We were told inflation was transitory. If your savings was in CDs the last 2 years, it's now been gutting the value of that savings for most of that time. And you'll never be getting that money back. At what point does it become not transitory?

Still waiting to see the post about the elusive 100% APY CD.
Mak
  |     |   Comment #23
Try and buy cage free eggs, specialty eggs don't price off the same market as commodity eggs... cage free would be your best price right now.

Bird flu typically arrives during the spring migration and disappears by the summer, experts said. But this year was different; the virus reemerged in September.
In October, the Agriculture Department revised its production forecast for table eggs downward for 2023 and the remainder of 2022 following “September detections” of bird flu.
That avian flu flare-up — and its associated death toll for egg-laying hens — is running headlong into peak demand season, when consumers use more eggs for holiday baking, experts said.
Consumer demand for eggs has also been buoyed by a pivot away from some higher-cost proteins amid broader food inflation, the Agriculture Department suggested in an October outlook report.
Elevated egg prices “could last into the first quarter of 2023



The wholesale price of chicken breast has fallen below $1.20 a pound, a third of its peak around $3.60 over the summer, for example, Lapp said.
Chickens raised for meat consumption — known as “broilers” — aren’t affected by avian flu to the same extent as the “layers.”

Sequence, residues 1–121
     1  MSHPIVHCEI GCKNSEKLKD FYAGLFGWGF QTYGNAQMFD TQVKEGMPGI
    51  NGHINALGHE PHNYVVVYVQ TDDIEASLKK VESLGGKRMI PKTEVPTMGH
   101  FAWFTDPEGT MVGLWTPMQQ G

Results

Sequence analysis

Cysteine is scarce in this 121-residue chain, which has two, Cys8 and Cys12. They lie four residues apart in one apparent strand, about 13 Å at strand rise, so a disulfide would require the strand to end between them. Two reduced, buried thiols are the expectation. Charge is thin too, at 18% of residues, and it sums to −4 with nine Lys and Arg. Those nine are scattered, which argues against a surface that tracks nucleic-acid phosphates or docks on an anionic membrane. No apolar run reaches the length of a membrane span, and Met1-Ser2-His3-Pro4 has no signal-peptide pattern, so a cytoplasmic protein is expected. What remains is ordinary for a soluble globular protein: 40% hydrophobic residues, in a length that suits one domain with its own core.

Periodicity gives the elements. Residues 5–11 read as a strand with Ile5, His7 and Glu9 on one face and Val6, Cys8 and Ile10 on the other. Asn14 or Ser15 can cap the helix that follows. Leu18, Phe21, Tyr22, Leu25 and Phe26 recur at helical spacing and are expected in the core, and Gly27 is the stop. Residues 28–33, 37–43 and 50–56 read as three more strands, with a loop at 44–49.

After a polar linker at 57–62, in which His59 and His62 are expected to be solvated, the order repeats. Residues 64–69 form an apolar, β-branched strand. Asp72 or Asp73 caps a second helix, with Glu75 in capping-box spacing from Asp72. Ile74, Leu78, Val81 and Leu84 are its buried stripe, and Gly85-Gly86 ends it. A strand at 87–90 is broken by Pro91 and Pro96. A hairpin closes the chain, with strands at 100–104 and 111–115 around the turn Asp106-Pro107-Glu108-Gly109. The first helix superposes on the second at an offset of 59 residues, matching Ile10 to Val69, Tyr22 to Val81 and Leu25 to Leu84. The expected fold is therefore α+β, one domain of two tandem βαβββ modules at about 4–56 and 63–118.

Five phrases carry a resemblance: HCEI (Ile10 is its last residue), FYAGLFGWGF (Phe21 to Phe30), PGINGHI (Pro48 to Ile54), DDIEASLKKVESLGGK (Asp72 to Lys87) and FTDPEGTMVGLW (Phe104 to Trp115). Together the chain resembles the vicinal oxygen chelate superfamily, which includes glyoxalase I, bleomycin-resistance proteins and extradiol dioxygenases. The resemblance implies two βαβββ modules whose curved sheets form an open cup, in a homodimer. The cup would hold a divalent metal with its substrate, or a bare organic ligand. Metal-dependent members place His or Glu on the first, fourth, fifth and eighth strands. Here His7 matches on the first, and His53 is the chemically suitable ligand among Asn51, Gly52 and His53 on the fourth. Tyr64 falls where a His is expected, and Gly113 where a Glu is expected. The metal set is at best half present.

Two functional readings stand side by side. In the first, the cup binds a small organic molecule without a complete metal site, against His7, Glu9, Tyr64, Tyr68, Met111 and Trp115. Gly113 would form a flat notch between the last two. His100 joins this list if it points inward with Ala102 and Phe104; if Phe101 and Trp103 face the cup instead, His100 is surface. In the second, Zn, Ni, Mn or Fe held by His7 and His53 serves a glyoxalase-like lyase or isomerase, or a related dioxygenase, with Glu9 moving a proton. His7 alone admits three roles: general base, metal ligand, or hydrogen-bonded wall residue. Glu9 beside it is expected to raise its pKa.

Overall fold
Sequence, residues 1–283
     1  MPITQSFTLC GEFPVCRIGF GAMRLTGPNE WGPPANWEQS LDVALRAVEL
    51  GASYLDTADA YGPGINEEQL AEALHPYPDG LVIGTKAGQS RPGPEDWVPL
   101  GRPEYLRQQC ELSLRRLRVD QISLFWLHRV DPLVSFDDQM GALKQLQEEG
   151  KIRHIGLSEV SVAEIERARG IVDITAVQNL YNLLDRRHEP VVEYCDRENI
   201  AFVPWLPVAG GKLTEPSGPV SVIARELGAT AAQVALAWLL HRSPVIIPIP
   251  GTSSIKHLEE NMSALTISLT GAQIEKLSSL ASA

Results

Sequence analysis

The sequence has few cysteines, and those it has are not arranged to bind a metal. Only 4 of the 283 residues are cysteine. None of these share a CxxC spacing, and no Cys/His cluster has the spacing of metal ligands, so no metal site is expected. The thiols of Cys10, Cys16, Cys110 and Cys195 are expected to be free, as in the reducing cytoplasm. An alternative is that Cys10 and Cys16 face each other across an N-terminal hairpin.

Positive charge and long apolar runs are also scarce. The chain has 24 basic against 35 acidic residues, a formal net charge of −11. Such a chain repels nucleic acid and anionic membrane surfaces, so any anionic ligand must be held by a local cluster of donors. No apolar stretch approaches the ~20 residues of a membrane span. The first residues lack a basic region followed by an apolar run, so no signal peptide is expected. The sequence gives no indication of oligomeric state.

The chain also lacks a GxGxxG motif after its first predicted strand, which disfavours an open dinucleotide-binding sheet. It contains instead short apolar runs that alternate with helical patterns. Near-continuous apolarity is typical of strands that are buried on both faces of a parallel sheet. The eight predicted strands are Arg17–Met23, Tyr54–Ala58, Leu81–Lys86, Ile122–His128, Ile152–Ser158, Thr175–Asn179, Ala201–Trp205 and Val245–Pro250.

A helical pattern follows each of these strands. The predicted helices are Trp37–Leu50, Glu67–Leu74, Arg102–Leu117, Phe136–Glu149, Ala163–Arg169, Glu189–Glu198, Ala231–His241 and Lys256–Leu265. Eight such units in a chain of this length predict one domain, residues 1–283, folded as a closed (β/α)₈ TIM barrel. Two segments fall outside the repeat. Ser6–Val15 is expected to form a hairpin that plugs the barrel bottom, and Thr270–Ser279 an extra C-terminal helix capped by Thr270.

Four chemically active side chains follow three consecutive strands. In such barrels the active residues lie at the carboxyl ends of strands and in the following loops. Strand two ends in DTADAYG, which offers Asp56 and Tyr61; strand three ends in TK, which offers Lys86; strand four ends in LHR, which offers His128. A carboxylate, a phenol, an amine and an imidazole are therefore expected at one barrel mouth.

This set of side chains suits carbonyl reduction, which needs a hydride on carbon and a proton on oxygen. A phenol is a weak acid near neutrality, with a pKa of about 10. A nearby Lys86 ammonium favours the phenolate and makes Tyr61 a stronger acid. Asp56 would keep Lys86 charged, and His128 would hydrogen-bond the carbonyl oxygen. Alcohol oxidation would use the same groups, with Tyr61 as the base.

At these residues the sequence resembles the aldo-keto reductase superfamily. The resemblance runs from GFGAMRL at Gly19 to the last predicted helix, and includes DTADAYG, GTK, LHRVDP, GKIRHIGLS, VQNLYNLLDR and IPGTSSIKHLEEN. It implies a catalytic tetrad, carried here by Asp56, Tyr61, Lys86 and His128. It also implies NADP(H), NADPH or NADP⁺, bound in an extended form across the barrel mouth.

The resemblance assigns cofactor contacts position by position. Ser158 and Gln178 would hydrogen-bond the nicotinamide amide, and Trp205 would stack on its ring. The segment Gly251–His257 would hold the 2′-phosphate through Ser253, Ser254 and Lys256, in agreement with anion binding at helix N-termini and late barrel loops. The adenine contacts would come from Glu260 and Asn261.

“It’s two totally different styles of production, two totally different breeds of bird,” Moscogiuri said. The life cycle of a broiler is much shorter — anywhere from 5.5 to 9 weeks, from hatch to
slaughter, according to Vencomatic Group, a poultry consulting firm.
However, the life cycle for an egg-laying hen can be upwards of 100 weeks, Moscogiuri said. It can take about five to six months for layers just to reach full productivity, according to the Agriculture Department.
The latter are therefore more susceptible to bird flu since farmers must keep them alive for a longer time, experts said.
Broiler quantity is also up, contributing to lower chicken prices at the grocery store.
P_D
  |     |   Comment #24
I did buy cage free eggs. They were the same price as the other eggs. More than three times what they were 2 years ago.

"...the Agriculture Department suggested in an October outlook report.
Elevated egg prices “could last into the first quarter of 2023""

Isn't that department under the same administration that told us inflation was transitory 2 years ago and has been telling us all year this year that it would be back to 2% by now?

I think they need to recalibrate their diskronificator to have any chance of sounding credible.
Mak
  |     |   Comment #25
P_D... . What did you pay for cage free, if you're in Chicago you can pick them up for $2.99 a dozen Trader Joe's here in AZ has them for $2.99 at least they did a week ago....cage free organic would be higher and organic pasture raised even higher. Have to admit I never thought I would see the market where it is today, but still a cheap food compared to most and since it is a perishable item when supply gets in line with demand the price will come down... right now eggs of all types are very tight, looks like it's going to be a problem going into Christmas.